Posted 3 months ago
This is one of my mother’s greatest treasures. It had been my great-great-grandmothers. It has been passed along from mother to eldest daughter until it reached my mother. There is a bit of a problem at this point since my mother had no daughters and there are no grandchildren, but one thing is sure – it will stay in the family. That last image is of my great-great-grandmother wearing the broach.
This I know – it’s a 1 ½” oval of polished black stone, surrounded by a gold frame. The image is made up of VERY tiny pieces, as in a mosaic. The box has the jeweler’s name “H.H. Dobson” of “32 Piccadilly.” Googling that, I learned that dates it to between 1851 and 1877.
The image of the building is incredibly detailed. From what I’ve read online, these “micro-mosaics” were a popular style back then with the Victorian tourist trade in Italy, and Italian antiquities were a common subject. Eventually English craftsmen began making them. Until recently I believed that the black stone was onyx, but then I read that black Derbyshire marble was frequently used. I’ve no idea how the two stones compare, but the stone in the broach is completely black and has a high luster.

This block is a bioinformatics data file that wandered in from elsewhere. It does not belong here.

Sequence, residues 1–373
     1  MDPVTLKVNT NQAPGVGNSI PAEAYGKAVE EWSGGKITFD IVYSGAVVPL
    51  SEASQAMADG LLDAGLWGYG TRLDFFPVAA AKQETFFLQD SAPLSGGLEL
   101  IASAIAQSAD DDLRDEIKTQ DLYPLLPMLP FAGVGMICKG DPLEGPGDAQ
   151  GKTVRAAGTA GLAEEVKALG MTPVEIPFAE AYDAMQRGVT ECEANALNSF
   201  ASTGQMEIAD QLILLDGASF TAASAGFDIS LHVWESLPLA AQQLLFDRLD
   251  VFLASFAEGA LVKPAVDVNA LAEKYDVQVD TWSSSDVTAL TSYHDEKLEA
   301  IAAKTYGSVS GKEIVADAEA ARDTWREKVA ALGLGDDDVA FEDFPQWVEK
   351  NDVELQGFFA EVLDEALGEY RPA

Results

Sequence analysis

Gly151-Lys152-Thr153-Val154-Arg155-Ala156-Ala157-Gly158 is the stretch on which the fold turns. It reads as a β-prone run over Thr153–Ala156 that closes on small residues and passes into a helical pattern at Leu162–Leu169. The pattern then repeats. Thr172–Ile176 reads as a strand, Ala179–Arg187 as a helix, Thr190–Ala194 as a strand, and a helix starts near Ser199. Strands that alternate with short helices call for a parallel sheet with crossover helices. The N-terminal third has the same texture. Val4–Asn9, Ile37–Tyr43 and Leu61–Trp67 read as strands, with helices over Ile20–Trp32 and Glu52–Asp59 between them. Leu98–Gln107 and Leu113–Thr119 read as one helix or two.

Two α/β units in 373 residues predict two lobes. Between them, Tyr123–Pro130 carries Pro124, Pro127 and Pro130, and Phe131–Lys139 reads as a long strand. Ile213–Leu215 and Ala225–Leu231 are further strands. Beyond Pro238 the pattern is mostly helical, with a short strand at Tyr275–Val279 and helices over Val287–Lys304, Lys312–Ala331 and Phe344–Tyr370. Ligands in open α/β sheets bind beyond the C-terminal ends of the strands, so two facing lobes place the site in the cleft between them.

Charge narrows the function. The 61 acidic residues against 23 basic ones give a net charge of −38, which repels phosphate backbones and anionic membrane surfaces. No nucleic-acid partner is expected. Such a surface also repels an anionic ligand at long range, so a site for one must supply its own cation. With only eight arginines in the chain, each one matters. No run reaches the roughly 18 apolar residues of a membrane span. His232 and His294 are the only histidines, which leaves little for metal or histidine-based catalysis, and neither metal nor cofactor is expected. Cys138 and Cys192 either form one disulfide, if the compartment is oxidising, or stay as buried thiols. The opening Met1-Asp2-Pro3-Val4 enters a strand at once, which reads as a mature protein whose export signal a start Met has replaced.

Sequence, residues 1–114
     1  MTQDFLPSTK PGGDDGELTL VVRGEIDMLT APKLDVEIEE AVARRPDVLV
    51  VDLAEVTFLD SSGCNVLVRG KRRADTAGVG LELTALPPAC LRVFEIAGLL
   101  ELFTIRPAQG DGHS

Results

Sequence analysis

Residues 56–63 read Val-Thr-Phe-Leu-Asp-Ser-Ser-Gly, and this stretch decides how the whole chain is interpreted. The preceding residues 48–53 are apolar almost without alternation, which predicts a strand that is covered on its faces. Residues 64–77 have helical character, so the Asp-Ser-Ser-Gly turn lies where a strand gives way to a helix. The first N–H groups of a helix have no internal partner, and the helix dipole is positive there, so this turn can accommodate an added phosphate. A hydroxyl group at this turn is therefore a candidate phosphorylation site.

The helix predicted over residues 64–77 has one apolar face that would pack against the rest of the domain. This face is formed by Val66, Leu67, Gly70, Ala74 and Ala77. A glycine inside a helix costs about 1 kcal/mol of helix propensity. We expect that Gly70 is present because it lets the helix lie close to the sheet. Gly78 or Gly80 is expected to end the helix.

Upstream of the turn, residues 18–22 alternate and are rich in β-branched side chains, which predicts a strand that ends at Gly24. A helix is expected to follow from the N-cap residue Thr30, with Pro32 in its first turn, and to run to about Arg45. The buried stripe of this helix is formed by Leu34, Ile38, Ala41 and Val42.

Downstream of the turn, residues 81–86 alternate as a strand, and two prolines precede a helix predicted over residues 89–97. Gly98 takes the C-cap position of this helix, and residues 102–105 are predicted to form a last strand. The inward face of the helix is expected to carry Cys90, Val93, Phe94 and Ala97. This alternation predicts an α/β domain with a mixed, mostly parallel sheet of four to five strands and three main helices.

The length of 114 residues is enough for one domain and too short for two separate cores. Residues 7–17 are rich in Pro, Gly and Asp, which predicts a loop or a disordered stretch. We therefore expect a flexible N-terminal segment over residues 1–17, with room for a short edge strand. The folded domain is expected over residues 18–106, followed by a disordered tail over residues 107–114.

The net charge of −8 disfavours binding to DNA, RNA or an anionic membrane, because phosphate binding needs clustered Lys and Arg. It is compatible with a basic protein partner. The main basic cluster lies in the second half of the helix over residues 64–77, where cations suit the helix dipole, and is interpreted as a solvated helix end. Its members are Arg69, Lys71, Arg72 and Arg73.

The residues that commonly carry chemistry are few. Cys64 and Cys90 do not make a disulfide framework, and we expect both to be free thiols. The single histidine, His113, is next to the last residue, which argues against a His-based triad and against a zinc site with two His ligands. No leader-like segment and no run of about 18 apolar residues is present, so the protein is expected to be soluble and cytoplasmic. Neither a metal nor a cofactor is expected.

The family legend is that when my great-great-grandmother was a young woman, she was part of the household staff of an earl who had a sickly wife. My ancestor’s job was to care for the woman, which she did with great compassion. When the Lady passed away, the earl gifted this broach that had belonged to his wife in appreciation. I have no idea how plausible that story is, given the relationship between English peers and the staff of the manors during the Victorian period, but there you have it.
Another story is about the missing fragments of gold filigree. My great grandmother wore the broach on her shawl when she went to church. The pieces that broke off were from the repeated tossing of her shawl back over the church pew.
My grandmother tried to have the gold filigree fixed in the 1950s, but the jeweler could not match the gold correctly, and a close examination of the left portion of the frame shows the attempt at repair.